The Germans love their Westerns so it was only to be expected that they’d start making their own once the Italians blazed the trail.

Whity, though, is untypical of those Sauerkraut Westerns. It was directed by Rainer Werner Fassbinder, the national cinema’s enfant terrible, here taking time out from berating his fellow countrymen to take a pop at American hypocrisy for a change.

His subject is racism, punching the bruises of slavery and prejudice more forcefully even than something like Django Unchained. His anger is undermined, though, by his use of white people in black-face make-up. Then again, since this is Fassbinder we’re talking about, it’s entirely possible he did it as a way of provoking even more people.

 

Sukiyaki Western Django

Most discussions of Japanese Westerns start with Akira Kurosawa; the great director was enamoured of cowboy films and loudly announced the influence of great Western directors like John Ford on his own work.

In Kurosawa’s films, though, the protagonists were always samurai. He never actually tried to make an actual Western in Japan. Miike Takashi, by contrast, had no such scruple: Sukiyaki Western Django is his tribute to the genre, with Japanese actors playing American, right down to having them speak in English.

Unlike Kurosawa, Miike is tipping his stetson not to the classic US westerns but to the Italian tradition of Spaghetti Westerns, specifically those about a mysterious avenger called "Django". Funnily enough, the original Django was a rip-off of A Fistful of Dollars (Leone). That, in turn, was a rip-off of Yojimbo, a samurai film directed by Akira Kurosawa. Small world, eh?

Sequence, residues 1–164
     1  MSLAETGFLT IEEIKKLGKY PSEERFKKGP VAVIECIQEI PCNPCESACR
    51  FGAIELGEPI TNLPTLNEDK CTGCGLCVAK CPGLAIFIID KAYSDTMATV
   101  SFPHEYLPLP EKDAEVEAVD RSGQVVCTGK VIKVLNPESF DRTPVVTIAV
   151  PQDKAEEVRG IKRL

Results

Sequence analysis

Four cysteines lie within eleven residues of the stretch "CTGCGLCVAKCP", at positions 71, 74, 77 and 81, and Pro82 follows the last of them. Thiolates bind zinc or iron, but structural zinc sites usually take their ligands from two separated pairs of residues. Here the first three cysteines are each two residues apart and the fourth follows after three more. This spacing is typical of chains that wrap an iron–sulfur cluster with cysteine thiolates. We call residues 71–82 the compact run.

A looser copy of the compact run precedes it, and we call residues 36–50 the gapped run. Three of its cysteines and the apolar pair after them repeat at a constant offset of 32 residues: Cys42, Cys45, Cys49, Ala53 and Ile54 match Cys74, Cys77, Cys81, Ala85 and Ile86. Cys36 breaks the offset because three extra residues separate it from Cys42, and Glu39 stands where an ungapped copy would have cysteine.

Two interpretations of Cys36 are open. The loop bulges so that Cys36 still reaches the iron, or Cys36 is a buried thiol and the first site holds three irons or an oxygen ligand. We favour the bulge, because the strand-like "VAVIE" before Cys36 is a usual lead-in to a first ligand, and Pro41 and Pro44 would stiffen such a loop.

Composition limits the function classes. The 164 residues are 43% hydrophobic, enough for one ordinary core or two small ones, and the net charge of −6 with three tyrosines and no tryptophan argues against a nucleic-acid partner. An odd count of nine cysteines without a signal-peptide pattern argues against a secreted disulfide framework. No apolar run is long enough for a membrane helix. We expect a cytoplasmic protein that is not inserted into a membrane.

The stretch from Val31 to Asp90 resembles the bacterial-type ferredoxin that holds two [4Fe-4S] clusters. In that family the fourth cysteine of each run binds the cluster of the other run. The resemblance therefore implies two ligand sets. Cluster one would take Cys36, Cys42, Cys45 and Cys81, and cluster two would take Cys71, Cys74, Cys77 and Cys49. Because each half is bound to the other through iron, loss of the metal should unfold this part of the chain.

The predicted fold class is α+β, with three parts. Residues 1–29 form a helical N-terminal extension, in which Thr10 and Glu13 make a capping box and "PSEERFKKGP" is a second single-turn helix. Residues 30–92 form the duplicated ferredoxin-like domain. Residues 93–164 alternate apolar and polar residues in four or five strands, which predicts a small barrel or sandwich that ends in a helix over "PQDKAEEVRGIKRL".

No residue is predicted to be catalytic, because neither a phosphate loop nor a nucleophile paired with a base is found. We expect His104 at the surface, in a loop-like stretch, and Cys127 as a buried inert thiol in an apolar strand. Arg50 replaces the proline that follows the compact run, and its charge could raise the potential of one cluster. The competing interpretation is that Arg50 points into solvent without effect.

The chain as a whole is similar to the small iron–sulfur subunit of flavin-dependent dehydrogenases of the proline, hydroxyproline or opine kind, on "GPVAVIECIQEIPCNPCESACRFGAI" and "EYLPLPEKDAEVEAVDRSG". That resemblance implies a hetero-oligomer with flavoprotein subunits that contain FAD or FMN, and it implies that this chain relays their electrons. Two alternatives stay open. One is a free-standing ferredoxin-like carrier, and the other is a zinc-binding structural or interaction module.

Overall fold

Tears of the Black Tiger 

Let us remain in Asia. Tears of the Black Tiger is a Thai film and an especially delirious one at that: its heroes wear cowboy outfits and comport themselves in front of huge painted backdrops.

The plot is pure melodrama, but that’s of much less interest than the visual excess. It’s apparently informed by Thai cinema classics but to those of us unaware of such things, it’s a rare and wonderful foray into cinematic artifice.

 

Carry on Cowboy 

There are more British Westerns than you might think; even excluding those set in The Empire (in Australasia, Africa and Canada), there are not a few that take place in the Old West: Ramsbottom Rides Again, for instance (in which “Big Hearted” Arthur Askey deals with some no good varmints). Or The Sheriff of Fractured Jaw (Kenneth More makes friends with the indigenous peoples.)

And there’s Carry On Cowboy too. Devoid of sophistication and wit it may be—it is a Carry On film, after all—it still needs to be acknowledged. And now we’ve acknowledged it, let us move swiftly on.

 

The Singer Not The Song 

There are some dashed queer films on this list but The Singer Not The Song tops the lot. For a start, it’s another British Western, itself something of an oddity but all the more so since it’s set in Mexico; you will be relieved/ disappointed—delete as appropriate—to discover the cast don’t do the accent.

Ah yes, about that cast. It stars Dirk Bogarde, then at the height of his fame. Unquestionably a fine actor, one of the best this country ever produced, but not the most obvious choice to play a Mexican bandito. A Mexican bandito, moreover, who likes wearing tight leather trousers.

And what of the plot? That aforementioned Mexican bandito is one tough hombre and he’s got no time for religion. But the arrival of a rugged new priest (played by John Mills) in town sets his heart a-flutter.

Quite what they were thinking (and/ or smoking) while they made it is anyone’s guess but it's a high point of a sort, an oddball camp classic that shows the British could make films as weird as anyone else, even if they couldn’t really make westerns.

Read more: All you need to know about Dirk Bogarde